Sunday, June 21, 2009

Land Value Tax, Let the Game Begin


Mark Wadsworth has turned his blog into a one-man platform in favour of a Land Value Tax to replace all other taxes, with the intention, I imagine, of making the world a better place. It's a regular hobby-horse of his, and he sells it well, though with a bit of handwaving here and there.

His latest series of long posts has been provoked by remarks made over at Samizdata (who are, incidentally, quite intelligent and genial chaps, as 'sinister and heavily-armed global illuminati' go) mainly by Ian B, who tried to point out why LVT was a bad idea. I got briefly involved in a similar argument a while back, before realizing I didn't know what I was talking about.

The obvious objections to LVT, which I made then, and which Ian B makes rather better, are that you have to find a large sum in cash every year and that the value put on your property is necessarily arbitrary, leaving it open to injustice and deliberate abuse, where councils order valuers to 'take'em heavy'. All of this is true of rates/council tax as well, of course, but we're talking here about much larger sums of money. These points are addressed at length by MW and dismissed, whether adequately or not I couldn't say, but he tries hard and seems to know what he's talking about.

One point I haven't seen mentioned (though it might be in there somewhere) is that an enormous amount of land and the properties built on it have been appropriated by one or other branch of government. In many towns it is quite staggering to see how many buildings and lots are council property. These would produce nothing, and so private owners would have to pay a lot more. It may not be an important point, it's just my attempt to contribute to the debate.

Anyway, if you have the slightest interest in tax reform get over there and have a read; it's very instructive.

5 comments:

Mark Wadsworth said...

Ta for link.

"you have to find a large sum in cash every year and that the value put on your property is necessarily arbitrary"

People with mortgages and tenants have to find 'large sums in cash' every year. Bearing in mind that LVT would reduce the amount of your mortgage £ for £, no purchaser would end up paying more (plus their other taxes would be cut).

It is not at all difficult to value properties with reasonable accuracy, if there's a ten or twenty per cent margin of error, then choose the bottom of the range of estimates. We have Business Rates in this country that are reasonably accurate and a flat 0.78% property tax in Northern Ireland.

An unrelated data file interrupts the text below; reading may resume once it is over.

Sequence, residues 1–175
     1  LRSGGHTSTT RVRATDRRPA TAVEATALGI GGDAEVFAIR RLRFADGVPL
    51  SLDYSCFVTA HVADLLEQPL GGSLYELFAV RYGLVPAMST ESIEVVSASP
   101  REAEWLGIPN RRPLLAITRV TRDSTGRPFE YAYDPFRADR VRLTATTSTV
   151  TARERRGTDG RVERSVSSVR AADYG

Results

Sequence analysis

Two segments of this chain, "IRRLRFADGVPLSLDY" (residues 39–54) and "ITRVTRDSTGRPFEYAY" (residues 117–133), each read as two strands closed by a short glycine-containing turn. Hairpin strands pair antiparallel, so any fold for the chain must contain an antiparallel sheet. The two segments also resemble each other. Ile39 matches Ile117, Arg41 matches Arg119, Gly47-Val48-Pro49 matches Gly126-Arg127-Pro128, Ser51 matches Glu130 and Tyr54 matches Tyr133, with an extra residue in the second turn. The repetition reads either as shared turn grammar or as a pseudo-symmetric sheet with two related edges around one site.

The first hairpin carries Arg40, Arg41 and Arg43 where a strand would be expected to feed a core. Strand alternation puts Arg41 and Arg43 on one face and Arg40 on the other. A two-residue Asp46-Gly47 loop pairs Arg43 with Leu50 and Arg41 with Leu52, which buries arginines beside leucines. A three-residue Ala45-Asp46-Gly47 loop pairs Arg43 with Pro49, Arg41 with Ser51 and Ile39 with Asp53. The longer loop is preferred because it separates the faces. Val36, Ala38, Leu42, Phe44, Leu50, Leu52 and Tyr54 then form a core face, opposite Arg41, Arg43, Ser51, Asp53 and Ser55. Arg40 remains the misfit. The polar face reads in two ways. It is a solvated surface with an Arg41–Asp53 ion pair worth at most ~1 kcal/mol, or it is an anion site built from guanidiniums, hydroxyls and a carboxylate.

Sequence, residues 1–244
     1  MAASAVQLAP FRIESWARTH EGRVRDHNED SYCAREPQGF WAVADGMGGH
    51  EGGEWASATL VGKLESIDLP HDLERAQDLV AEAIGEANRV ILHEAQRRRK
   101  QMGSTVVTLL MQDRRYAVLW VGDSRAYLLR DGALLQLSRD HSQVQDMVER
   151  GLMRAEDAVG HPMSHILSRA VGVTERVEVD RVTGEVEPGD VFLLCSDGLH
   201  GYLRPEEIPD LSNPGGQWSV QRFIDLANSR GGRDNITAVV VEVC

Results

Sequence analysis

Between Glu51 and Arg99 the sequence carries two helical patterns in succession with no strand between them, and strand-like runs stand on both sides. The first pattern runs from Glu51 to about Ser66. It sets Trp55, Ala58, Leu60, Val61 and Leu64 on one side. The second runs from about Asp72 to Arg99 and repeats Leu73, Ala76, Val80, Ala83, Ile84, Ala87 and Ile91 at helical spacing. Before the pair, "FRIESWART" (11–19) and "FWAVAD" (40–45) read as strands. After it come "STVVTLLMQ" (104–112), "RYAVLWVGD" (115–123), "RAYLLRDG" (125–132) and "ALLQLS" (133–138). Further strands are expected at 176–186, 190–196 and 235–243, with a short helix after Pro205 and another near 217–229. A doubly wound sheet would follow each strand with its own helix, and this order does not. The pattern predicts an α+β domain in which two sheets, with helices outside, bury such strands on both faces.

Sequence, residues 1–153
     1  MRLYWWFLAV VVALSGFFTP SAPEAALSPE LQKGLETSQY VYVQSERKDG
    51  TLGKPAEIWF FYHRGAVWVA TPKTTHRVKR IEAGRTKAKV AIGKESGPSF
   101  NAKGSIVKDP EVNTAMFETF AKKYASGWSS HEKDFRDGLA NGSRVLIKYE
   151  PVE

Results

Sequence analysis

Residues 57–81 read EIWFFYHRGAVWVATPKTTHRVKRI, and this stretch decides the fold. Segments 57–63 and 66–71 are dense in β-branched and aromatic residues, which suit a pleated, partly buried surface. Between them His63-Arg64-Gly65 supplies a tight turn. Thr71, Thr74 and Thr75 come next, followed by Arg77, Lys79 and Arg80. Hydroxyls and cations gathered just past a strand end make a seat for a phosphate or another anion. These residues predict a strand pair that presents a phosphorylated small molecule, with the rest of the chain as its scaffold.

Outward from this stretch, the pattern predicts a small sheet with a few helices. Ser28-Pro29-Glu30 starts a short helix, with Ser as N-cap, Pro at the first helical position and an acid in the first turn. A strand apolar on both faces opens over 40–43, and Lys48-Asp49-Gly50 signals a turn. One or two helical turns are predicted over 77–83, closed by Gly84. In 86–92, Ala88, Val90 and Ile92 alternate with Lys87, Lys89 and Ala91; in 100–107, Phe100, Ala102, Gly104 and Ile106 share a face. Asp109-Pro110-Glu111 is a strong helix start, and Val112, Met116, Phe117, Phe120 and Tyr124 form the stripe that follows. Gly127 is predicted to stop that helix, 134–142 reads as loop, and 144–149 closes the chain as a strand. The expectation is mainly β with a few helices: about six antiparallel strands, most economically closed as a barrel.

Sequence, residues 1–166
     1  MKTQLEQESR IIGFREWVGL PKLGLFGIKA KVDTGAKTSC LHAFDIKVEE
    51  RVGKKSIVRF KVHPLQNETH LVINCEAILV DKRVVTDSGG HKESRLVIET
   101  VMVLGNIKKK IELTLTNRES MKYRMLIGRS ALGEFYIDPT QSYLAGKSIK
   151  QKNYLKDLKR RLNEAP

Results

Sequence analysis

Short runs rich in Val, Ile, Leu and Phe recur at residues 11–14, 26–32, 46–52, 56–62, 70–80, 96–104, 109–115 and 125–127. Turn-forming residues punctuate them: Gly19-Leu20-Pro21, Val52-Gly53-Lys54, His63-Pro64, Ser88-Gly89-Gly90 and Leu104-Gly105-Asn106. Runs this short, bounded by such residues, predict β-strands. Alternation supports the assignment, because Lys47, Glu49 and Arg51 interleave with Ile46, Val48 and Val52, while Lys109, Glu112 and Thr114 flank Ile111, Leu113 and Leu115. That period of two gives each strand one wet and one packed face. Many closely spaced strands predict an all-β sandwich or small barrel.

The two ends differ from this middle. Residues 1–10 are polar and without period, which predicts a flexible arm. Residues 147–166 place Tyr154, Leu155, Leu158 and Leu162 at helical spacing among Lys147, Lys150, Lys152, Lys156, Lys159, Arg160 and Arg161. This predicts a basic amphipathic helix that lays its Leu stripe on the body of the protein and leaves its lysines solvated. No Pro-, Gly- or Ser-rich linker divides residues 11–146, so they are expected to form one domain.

People think that income tax and VAT are somehow more scientific, take it from me they are not - at the margin a lot of businesses or employees pay tax on income they never had or profits they never made.

Plus, anti-Georgists overlook the other half of the equation - probably two-thirds of the LVT would be divvied out as a Citizen's Dividend, so an median household would pay no net tax whatsoever (LVT minus CD).

As to this: "In many towns it is quite staggering to see how many buildings and lots are council property. These would produce nothing."

OK, let's divvy this up into

a) Council housing, where the council ought to be collecting as much rent as possible, that goes into the coffers (there's no point The State charging itself rent).

b) Schools and hospitals which would be sold off or rented to competing health or education providers (which in the interim would be subsidised via education or health vouchers, as elsewhere in Europe).

c) Non-core assets, like quango offices, sports centres etc which would be sold off or rented to private sector.

d) Proper council offices which they need to administer the 'core functions', like police, refuse collection, fire brigade, prisons etc - the cost of these is just part of the cost of having a civilised country.

CIngram said...

As I said, I'm not trying to get involved in the argument, because it's not a subject I know enough about to discuss at this level (I'm working on it). I just wanted to send you a few people who might be interested in it.

Having said that, I realize that some council properties will produce income even though they won't pay LVT, and that some buildings have a function that justifies their existence although they don't earn money, but many don't , and I'm not sure that your assumption that everything else would be sold or rented out isn't a little optimistic. Governments, local and national, like to accumulate property and they don't let it go easily. It represents a considerable drain on resources.

As to the rest, I'll follow the argument from a distance, and try to learn something.

AntiCitizenOne said...

For an LVT&CD combination to work effectively, I think a separation of Crown and State is required.

Why?

The Crown operates the LVT/CD but the state bills the CD for services.

Also there are ways to make the LVT amount less arbitrary i.e. more market orientated, see my blog on market geonomics.

CIngram said...

ACO- Have you said that at Samizdata? I clearly have a lot of homework to catch up on.

Just noticed you're not on my blogroll. Rectified.

AntiCitizenOne said...

I went off samizdata.